The Biddenham Trail


Introduction

This trail divides into 3 separate circular routes, loop 1 being the shortest and loop 3 the longest. The trail crosses a variety of terrain and offers the chance to discover some of the history of Biddenham and the possibility of seeing great crested newts and midwife toads in the village pond.


How To Get There By Passenger Transport
BY BUS Telephone Bedfordshire Bus Information Line : 01234 228337, 8.30am 5pm open 5 days a week or Travel Line 0870 6082608.
BY TRAIN For timetable information, please telephone National Rail Enquiries 08457 484950.
Click here for the National Rail Enquiries website


How To Get There By Car
Biddenham lies just to the west of Bedford and can be reached by road using the A428 Bedford to Northampton road.
Parking is available in the Village Hall car park. You may use the Three Tuns car park if you use the pub for refreshments. Otherwise, on-street parking is available. Please park thoughtfully.


Start/Finish Point
This circular walk starts from the Village Hall or from the Three Tuns car park and is within walking distance along the River Ouse from the Central and Queens Park areas of Bedford.


Access and General Information
Length: 2 or 3 miles
Time:
Access Information:
Surface Types: You will walk across surface types ranging from hard and firm with no stones larger than 5mm, to hard but variable surfaces with loose, variable sized stones, to grass or uncultivated earth paths with no ruts.
Linear Gradient: The steepest linear gradients are steeper than 1:6 for two short stretches. There are also gradients of between 1:6-1:9 and of between 1:14-1:17.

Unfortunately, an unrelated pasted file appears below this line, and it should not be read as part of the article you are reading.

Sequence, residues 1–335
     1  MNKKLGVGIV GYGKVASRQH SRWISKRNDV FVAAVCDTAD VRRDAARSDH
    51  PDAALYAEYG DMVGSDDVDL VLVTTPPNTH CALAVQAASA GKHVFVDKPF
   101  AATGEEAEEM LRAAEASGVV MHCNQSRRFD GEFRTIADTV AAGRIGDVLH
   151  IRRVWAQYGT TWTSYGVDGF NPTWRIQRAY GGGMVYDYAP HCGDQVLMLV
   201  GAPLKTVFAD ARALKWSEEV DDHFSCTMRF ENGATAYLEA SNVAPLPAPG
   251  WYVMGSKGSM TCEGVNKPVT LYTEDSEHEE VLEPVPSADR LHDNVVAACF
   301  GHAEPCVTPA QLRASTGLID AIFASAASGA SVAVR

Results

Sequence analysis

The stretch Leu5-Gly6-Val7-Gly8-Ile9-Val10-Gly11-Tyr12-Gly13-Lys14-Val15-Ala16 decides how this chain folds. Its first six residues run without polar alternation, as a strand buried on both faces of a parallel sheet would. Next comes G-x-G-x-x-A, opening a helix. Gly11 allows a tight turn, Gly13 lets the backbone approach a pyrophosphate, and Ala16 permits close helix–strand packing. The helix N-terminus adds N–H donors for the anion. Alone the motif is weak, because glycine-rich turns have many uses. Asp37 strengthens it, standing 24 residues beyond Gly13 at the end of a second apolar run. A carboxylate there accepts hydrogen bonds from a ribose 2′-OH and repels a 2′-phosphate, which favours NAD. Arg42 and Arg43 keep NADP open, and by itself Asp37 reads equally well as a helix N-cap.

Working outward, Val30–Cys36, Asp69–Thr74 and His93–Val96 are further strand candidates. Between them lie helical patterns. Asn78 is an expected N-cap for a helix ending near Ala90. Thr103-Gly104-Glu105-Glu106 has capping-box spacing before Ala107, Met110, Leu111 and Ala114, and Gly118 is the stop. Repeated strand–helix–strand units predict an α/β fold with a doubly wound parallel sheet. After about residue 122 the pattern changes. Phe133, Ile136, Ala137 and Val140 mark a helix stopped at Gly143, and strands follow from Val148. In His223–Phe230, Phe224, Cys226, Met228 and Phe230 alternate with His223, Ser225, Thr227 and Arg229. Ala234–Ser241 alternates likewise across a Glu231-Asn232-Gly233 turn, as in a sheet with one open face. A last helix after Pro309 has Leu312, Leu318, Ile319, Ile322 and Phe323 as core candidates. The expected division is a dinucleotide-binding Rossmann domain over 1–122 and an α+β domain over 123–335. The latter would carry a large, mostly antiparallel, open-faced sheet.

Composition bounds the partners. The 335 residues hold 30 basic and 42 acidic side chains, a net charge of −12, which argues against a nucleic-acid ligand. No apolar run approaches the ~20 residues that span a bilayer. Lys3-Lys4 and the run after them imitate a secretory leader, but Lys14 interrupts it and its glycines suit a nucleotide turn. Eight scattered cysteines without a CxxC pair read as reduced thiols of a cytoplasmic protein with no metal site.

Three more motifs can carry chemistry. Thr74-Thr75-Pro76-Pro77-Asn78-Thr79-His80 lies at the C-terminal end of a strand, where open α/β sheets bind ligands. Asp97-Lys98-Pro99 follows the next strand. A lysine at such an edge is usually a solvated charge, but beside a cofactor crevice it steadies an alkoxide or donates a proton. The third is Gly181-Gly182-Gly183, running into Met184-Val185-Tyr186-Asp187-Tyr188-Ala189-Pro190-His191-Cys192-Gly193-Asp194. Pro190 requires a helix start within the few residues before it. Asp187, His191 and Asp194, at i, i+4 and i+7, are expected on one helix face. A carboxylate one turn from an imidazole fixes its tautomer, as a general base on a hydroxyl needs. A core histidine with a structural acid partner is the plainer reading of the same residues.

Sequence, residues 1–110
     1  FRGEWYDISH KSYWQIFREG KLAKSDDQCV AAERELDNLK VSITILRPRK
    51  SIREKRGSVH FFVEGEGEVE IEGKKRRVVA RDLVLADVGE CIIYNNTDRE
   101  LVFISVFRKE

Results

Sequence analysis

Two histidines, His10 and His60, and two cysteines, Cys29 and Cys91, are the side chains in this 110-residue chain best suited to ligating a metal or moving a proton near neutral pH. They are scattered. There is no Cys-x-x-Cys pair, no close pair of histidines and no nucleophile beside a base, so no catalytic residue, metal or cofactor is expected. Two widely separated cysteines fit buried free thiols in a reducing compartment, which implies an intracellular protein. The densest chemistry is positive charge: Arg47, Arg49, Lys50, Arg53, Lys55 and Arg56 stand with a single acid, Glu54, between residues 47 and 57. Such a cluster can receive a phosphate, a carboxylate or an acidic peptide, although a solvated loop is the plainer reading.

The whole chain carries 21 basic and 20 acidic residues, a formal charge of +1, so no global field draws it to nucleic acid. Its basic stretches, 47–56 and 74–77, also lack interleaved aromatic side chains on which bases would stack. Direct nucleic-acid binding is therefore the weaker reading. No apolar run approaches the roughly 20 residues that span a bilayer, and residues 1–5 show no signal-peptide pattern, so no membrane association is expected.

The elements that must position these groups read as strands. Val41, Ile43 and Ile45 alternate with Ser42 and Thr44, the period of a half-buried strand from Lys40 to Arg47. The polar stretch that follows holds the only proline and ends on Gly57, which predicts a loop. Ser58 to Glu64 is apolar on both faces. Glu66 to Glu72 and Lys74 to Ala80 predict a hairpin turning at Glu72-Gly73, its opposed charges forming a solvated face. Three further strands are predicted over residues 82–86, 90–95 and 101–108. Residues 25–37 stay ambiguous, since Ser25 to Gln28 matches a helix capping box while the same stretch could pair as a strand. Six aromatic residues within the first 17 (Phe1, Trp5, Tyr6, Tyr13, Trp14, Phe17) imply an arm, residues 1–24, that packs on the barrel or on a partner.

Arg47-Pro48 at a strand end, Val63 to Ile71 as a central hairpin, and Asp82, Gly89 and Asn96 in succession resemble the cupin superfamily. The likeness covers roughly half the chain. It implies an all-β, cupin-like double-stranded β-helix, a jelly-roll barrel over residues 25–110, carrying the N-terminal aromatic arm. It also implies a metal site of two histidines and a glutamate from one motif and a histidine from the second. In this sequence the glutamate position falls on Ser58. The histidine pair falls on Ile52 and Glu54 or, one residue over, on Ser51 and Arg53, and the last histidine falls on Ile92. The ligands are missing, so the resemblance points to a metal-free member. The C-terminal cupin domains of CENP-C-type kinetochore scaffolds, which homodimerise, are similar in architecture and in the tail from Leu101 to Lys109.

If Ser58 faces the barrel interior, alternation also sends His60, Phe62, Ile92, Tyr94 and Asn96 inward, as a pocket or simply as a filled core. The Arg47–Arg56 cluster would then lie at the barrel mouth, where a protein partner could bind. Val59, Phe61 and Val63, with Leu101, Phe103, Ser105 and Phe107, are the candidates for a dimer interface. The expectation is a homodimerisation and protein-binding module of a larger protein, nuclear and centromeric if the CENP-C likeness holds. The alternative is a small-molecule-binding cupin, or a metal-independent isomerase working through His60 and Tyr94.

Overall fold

Cross Falls: None recorded.
Width Restriction: None recorded.
Steps: The maximum step height is 200mm at the road crossing. There are three steps up to the kissing gate.
Barriers: There are 7 kissing gates with a restriction of less than 1000mm, 2 one-way opening gates with a width of greater than 750mm and three kissing gates with a restriction of between 1000-1500mm.
Refreshments: The Three Tuns public house is located in Biddenham.
Public Toilets: None recorded.
Picnic Tables: None recorded.
Seats: There are five benches situated throughout the walks - two at the Golf Course, one by Manor Hospital, one at Point F on the map and one to the east of the Village Hall.


The Natural Environment
Biddenham Village Pond (E) has great crested newts and Midwife toads. Both are nationally rare. Midwife toads were accidentally introduced to Bedford around 1900 in a delivery of plants from France. In 1973 the main colony of toads were moved as their original home was redeveloped. This may be where the Biddenham toads come from. The male midwife toad carries the eggs on his back after spawning until they are ready to hatch. They are then left in the water to fend for themselves where they will spend the winter. The tadpoles grow very large before changing into toads. Moving these toads is illegal. The Trail passes the pond so stop and listen for the unique bell like calls from April to October. You may also see bats here in the early evening.

A local survey of all the hedges has been finished and important landmark trees are now the focus. Some hedgelaying has been done along local paths, which creates a thick, live hedge with ideal nesting habitat for birds and animals.